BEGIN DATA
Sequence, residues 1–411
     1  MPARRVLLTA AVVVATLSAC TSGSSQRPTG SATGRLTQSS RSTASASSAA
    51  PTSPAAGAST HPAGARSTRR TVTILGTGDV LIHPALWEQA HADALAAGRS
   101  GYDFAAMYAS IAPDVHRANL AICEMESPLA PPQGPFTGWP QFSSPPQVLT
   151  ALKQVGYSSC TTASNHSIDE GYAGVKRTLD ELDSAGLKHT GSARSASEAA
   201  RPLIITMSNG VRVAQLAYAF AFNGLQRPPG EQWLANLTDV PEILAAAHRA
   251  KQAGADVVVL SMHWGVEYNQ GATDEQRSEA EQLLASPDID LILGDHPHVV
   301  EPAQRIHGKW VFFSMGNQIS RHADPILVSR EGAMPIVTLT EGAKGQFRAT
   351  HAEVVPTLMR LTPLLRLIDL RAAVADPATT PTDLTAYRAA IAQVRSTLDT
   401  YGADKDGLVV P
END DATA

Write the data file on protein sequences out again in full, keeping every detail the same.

Sequence, residues 1–411
     1  MPARRVLLTA AVVVATLSAC TSGSSQRPTG SATGRLTQSS RSTASASSAA
    51  PTSPAAGAST HPAGARSTRR TVTILGTGDV LIHPALWEQA HADALAAGRS
   101  GYDFAAMYAS IAPDVHRANL AICEMESPLA PPQGPFTGWP QFSSPPQVLT
   151  ALKQVGYSSC TTASNHSIDE GYAGVKRTLD ELDSAGLKHT GSARSASEAA
   201  RPLIITMSNG VRVAQLAYAF AFNGLQRPPG EQWLANLTDV PEILAAAHRA
   251  KQAGADVVVL SMHWGVEYNQ GATDEQRSEA EQLLASPDID LILGDHPHVV
   301  EPAQRIHGKW VFFSMGNQIS RHADPILVSR EGAMPIVTLT EGAKGQFRAT
   351  HAEVVPTLMR LTPLLRLIDL RAAVADPATT PTDLTAYRAA IAQVRSTLDT
   401  YGADKDGLVV P